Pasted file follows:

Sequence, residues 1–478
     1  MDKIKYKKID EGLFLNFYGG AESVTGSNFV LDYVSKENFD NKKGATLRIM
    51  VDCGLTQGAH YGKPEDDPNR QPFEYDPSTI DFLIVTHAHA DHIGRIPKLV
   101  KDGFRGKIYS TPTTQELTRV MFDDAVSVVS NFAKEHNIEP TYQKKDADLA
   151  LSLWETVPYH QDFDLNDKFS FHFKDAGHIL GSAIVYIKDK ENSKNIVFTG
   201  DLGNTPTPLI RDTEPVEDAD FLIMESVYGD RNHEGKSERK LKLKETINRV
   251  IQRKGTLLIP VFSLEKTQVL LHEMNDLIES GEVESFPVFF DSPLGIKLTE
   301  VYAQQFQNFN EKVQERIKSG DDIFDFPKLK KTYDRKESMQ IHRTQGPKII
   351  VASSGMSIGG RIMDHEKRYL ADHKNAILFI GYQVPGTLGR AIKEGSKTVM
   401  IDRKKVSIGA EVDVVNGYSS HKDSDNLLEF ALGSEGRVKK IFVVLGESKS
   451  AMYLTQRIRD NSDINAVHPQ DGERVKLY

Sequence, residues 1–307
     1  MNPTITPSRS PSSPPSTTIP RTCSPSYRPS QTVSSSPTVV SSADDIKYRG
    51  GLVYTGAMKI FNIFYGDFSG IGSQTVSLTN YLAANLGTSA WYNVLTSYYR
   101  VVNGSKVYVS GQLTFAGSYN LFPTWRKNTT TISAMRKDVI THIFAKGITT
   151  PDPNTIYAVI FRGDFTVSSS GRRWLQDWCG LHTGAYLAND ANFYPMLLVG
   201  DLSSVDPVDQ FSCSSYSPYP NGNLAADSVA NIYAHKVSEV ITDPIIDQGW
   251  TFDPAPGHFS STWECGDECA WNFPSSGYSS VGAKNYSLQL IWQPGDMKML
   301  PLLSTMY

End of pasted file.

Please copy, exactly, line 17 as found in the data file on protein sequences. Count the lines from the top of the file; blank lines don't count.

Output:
   201  DLSSVDPVDQ FSCSSYSPYP NGNLAADSVA NIYAHKVSEV ITDPIIDQGW